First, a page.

Charleston, South Carolina. Most of you reading this will have some sort of preconception of the place, if you’ve never been there. A “Gone With the Wind” antebellum fantasy place, a seaside resort community, maybe even a little East coast New Orleans affinity, Charleston is a lot of things.
Today I want to reveal the absolute best thing about this little southern legend though, some of the fantastic people and professionals that give the place its best title, a great hometown in the low-country. Hometown’s like Charleston, families like the Scarafile’s there, and the lessons we take away in life, this is what’s “it’s” about.
Taking Lessons in Possibility
I met Patty Scarafile and her family back when I owned a custom remodeling company back in the 90’s. The former President and CEO of Carolina One Real Estate was, and is, one of the most professional and classy people I have ever met. Back then, she and her husband Vito (below right from LinkedIn) lived on the front beach on the Isle of Palms off Charleston. In the article below you’ll meet (sort of) somebody to learn from. That is if you want to enjoy more success in life.
A story in the Post & Courier tells of a lady who taught school at nearby St. Andrews, who basically transfigured herself into what some would call a “self made millionaire businesswoman” of course Patty was not stranger to the human relations intrinsic of real estate sales, her husband Vito once owned a highly successful ad agency.
However, as I remember, Patty fairly well performed the perfect “hat trick” of balancing a highly successful career, with raising her wonderful kids Michelle, Michael, Matt, and Mishka and being the devoted wife to Vito – in short, working on visiting with the Scarafiles’s one always got a sort of modern “Father and Mother know best” feeling. Patty integrated working with the iconic Charleston broker Dave O’Shaughnessy, to helping lead the low-country’s biggest real estate entity, and finally re-branding her company as Carolina One.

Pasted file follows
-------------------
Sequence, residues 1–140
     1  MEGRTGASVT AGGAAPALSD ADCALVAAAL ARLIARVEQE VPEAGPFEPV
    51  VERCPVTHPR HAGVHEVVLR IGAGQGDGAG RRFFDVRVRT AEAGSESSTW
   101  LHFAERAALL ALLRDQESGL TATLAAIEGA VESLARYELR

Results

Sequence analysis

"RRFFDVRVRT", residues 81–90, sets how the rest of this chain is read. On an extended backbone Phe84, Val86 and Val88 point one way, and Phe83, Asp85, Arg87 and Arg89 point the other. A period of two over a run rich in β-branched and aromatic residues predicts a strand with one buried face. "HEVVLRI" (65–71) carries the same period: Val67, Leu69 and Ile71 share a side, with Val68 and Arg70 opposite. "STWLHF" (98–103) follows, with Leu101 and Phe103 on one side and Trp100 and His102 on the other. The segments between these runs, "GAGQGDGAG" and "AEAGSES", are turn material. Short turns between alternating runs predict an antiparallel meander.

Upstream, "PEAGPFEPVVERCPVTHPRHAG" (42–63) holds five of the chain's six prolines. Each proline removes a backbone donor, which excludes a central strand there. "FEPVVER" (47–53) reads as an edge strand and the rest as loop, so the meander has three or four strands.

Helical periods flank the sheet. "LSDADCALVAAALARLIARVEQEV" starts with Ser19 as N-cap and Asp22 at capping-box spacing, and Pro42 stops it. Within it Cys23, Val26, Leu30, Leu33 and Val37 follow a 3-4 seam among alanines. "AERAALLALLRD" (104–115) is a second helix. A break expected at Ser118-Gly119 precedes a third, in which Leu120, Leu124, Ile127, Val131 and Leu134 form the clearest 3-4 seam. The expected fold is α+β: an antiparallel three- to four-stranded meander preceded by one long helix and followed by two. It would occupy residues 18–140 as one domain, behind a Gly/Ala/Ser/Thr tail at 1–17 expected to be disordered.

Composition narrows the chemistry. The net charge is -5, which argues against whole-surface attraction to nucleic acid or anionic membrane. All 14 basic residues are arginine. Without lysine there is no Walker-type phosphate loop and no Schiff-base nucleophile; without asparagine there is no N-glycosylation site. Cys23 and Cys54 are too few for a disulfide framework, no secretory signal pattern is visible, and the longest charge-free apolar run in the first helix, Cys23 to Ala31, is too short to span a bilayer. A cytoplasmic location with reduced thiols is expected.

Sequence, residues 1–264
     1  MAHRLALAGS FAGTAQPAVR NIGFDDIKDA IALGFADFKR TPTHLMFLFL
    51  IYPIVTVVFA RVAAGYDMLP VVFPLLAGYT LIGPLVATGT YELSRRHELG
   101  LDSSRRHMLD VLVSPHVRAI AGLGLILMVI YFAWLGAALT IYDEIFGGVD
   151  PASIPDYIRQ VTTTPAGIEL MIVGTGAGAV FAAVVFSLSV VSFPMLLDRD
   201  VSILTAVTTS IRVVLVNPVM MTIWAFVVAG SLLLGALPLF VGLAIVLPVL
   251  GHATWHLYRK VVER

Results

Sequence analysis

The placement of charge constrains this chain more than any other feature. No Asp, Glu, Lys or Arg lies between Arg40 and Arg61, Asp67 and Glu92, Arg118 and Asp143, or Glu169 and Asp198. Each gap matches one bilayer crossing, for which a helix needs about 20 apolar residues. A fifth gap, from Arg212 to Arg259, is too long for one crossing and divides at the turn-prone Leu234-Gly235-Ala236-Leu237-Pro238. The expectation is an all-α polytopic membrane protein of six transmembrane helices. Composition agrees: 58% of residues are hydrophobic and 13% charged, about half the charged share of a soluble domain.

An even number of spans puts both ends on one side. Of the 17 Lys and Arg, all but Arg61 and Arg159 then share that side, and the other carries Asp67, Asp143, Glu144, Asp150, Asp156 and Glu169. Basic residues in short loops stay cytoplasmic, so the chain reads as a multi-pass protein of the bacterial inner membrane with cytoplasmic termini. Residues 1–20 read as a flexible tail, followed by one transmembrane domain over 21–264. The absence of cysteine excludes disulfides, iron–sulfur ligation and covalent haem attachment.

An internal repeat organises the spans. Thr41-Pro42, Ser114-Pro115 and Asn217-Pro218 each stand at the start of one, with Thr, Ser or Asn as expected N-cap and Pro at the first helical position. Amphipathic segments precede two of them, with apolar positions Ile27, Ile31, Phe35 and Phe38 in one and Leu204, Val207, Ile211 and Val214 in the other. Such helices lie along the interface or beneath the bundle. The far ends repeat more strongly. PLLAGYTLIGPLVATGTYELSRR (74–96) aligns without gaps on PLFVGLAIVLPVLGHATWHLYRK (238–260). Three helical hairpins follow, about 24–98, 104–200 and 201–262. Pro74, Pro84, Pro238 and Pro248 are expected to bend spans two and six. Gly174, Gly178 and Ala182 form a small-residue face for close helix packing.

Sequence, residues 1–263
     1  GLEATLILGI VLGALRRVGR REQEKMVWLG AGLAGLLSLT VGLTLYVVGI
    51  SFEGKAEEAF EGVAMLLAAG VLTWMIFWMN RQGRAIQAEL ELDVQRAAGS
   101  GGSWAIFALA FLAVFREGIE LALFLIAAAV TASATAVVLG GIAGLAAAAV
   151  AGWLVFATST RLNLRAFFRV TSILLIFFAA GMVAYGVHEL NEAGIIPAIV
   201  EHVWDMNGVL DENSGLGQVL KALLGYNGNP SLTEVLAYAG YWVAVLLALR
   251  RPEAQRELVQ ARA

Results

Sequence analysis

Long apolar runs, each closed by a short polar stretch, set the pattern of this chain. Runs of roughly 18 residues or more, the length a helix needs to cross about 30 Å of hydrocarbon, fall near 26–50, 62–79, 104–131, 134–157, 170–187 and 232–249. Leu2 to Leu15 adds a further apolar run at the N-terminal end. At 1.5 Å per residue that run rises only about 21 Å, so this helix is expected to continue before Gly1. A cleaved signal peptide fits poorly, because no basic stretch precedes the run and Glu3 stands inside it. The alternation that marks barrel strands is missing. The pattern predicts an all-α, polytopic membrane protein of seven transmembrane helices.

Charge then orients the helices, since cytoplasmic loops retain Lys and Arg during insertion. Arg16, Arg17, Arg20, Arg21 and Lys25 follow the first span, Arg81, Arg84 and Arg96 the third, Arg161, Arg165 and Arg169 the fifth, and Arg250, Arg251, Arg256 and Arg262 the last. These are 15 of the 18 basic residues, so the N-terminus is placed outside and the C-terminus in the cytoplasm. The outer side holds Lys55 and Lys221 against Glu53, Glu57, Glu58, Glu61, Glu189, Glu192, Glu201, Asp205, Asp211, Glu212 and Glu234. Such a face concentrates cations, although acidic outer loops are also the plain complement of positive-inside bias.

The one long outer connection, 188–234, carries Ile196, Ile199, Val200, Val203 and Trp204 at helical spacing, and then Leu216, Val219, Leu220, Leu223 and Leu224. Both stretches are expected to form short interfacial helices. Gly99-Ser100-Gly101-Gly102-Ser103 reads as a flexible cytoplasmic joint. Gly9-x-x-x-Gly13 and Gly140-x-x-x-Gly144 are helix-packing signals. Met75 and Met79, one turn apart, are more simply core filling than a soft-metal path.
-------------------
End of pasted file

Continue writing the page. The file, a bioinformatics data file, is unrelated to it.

Right here is as good a place as any to point out how crucial a loving and confident partner can be to striving. Vito is an ultimately confident and supportive person, one whom I considered the real spirit of family fun and cohesiveness. As a business person, creative and detail oriented too (I remember the palm/Christmas tree Vito). This sentiment also holds true for their entire family too. I expect when they read this, each and every one will be humbly touched. There’s the joy in my job you see, doing things that are unexpected, creative, and no provoked.
Patty Scarafile, the super successful working mom, her pragmatic approach to work and family is encapsulated in a quote she gave the Post & Courier back in 2010:
“I think sometimes people misperceive flexible and part time,” she says. “One of the good things about real estate as a career is that it’s flexible. You can still drive carpools and go to soccer games and manage if your child is sick, but it is not part time. It’s probably a job and a half.”
One thing I would add here, especially for the budding real estate tycoon out there, is that a great part of Patty’s success seems to emanate from her razor sharp ability to organize. I do not think I ever ran across a more detailed and scheduled person. The intent reader should also understand, real success is never about acquiring accolades and money either, the Scarafiles were always about community too.
From O’Shaughnessy’s and Scarafile’s help with FOSIS (PDF) and the ongoing Carolina One Cares (Visit Carolina One Facebook) initiative to help the less fortunate, to the “expectations” we should all take hold of in our endeavors, Scarafile and her entire family always seemed a ripe example for emulation.
The professional side of Scarafile, brings to mind my recollection of how Patty and Vito handled their home life too. Some people say “you can’t mix business and pleasure”, but clearly the character of the individuals in business and family life work better leveraging their best traits. Quoting from Your Best Ideas (PDF):
“It starts with clearly communicating expectations, continual coaching, and accountability. If that doesn’t happen, we meet with the